The unacceptable actions of Treasury and MSD officials

Most of the businesses and professional firms we have personal knowledge of have wrongly obtained or retained part of the wage subsidy they received.  They were able to work almost normally and suffered no genuine decline in revenue. We have not complained about them because we have concentrated on the big picture and we did not want to pick on a few businesses when hundreds of thousands of other recipients had done the same thing or worse.  However, we did make some OIA requests to find out whether the MSD had investigated some well known businesses who clearly should have repaid part of the wage subsidy they claimed, but the response we received showed that nothing had been done by the MSD and no interest was shown in following up the research data we provided for each business. They said in one document that they intended to complete checks on the wage subsidy by the end of 2020.

For more than a year the MSD did everything it could to avoid investigating and prosecuting abuse of the wage subsidy. In 2020 Deloitte and the Auditor-General told the MSD to write to all recipients to ensure their compliance with eligibility and post payment obligations.   We also several times tried to get them to write to recipients but they failed to do this.

We have tried to work with the news media and a few others to bring pressure on businesses for repayments to be made and these voluntary payments currently stand at $760 million. This indicates that many times more would have been repaid if the MSD had written to recipients.  Only a tiny proportion of repayments were a result of work done by the MSD.

The MSD only dealt with 10% of the complaints they received by having a phone conversation with an employer and not requesting any verifying documents. The public and Ministers were told that these were audits but the Auditor-General said that this was not correct and was misleading. Some of what the MSD told the Finance and Expenditure Committee of Parliament was also misleading. The committee noted that despite a 170% increase in payments by the MSD, they did not request any extra staff or resources to investigate fraud.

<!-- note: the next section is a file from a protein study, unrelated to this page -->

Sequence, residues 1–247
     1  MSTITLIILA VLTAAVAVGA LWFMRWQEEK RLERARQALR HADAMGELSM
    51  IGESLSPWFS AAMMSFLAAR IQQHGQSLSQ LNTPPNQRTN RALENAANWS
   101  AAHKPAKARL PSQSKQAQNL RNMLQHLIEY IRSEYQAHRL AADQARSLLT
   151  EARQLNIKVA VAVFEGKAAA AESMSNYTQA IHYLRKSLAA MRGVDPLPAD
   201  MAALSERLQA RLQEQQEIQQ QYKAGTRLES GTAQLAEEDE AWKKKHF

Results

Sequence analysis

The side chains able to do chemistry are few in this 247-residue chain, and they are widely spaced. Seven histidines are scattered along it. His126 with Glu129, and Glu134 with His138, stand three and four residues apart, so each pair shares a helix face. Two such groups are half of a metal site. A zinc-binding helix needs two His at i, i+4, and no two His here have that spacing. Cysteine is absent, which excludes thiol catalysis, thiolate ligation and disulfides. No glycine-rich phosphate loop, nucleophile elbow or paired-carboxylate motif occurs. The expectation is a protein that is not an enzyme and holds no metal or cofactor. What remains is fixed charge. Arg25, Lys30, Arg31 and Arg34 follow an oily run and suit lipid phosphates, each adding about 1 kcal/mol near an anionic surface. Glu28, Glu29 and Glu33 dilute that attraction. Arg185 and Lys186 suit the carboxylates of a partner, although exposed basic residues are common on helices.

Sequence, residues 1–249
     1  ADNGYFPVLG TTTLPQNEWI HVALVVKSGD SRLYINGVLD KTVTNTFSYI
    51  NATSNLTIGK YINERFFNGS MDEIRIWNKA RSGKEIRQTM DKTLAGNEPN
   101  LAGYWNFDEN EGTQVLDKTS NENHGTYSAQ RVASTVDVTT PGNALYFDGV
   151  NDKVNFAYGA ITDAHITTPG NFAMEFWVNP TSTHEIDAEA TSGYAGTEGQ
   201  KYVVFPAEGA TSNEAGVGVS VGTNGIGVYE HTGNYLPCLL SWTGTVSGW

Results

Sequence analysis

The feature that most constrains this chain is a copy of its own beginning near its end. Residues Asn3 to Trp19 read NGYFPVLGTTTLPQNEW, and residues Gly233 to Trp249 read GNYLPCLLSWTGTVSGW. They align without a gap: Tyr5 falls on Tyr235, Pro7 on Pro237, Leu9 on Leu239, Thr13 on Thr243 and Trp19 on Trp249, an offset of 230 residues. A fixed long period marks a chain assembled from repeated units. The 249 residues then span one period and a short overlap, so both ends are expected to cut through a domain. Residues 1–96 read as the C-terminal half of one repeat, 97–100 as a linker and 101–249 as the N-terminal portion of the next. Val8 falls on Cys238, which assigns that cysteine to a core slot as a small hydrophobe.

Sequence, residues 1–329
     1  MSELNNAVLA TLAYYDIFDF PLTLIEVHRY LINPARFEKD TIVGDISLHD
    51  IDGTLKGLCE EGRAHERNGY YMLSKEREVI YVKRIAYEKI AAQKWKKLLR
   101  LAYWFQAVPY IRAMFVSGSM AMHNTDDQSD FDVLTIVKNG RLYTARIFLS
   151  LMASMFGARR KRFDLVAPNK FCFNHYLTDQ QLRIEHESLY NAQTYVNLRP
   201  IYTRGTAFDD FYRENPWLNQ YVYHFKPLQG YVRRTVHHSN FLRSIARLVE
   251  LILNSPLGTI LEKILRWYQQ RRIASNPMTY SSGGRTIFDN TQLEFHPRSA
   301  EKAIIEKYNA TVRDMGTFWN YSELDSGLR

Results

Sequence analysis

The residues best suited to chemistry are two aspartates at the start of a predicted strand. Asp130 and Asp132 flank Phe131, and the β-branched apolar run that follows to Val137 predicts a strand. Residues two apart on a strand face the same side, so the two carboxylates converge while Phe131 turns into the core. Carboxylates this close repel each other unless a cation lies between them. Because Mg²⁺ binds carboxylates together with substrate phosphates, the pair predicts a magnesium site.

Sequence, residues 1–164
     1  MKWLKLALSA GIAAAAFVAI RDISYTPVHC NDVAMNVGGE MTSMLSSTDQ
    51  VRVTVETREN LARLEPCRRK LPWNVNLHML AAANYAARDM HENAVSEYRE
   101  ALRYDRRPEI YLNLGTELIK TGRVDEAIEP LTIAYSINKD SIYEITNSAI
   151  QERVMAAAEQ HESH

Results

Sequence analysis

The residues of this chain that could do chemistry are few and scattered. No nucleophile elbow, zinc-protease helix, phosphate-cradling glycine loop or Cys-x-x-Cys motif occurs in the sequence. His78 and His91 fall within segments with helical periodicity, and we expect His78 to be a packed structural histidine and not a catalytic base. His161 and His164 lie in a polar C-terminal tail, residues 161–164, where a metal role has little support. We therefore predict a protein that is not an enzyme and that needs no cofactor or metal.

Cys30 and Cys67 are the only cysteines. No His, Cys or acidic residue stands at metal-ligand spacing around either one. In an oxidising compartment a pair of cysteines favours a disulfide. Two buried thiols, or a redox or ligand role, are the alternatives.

In May 2021 the Auditor-General issued a report that was critical of the post payment management of the wage subsidy by the MSD. Two of the main findings were that verifying evidence should have been obtained and that prosecutions were critically important. In June 2021, The Gama Foundation applied to the High Court seeking a Judicial Review of the failure of the MSD to properly investigate and prosecute any wage subsidy recipient. These developments resulted in the MSD making some token gestures at investigations but they failed to start prosecutions before the last round of wage subsidies commenced in mid-August.  If they had made a big announcement about prosecutions prior to this happening, many of those who applied could have been deterred and the taxpayer might in the end have saved over $1,000 million.

The MSD filed two prosecutions in September 2021 but one may have been withdrawn when a repayment was made. We understand that the MSD in October 2021 referred 10 cases to the SFO for investigation but these would only represent the tip of the iceberg.

On 2 March 2020 Business New Zealand put forward the wage subsidy they wanted and two weeks later it was approved by Cabinet. Treasury officials got a previous payment cap of $150,000 removed and made a big effort to ensure that businesses were paid for 12 weeks despite a predicted lockdown of 4 weeks.  They tried hard in two cabinet papers to get the wage subsidy paid to all businesses regardless of any drop in revenue but this was not successful so it appears they then arranged with MSD officials to have lax wage subsidy rules and a Declaration that was open to fraud. The main wage subsidy was paid for 5 or 7 weeks when most businesses were experiencing a big post lockdown boom in revenue but repayments were not requested. Beneficiaries are required to repay overpayments and recently Superannuants trapped in Australia for more than six months were told that they would have to make repayments.

The MSD officials ignored over 150 news media articles and criticism by 6 accounting and business academics and instead held stakeholder meetings with those who had received the wage subsidy and said that any proposed changes would   have to be referred to the stakeholders, The MSD refused to properly investigate and prosecute anyone. This is a huge contrast to the way that they investigate and prosecute overpayments and fraud by beneficiaries. In the 2016/17 year they prosecuted 453 beneficiaries so they do know what to do if they want to prosecute.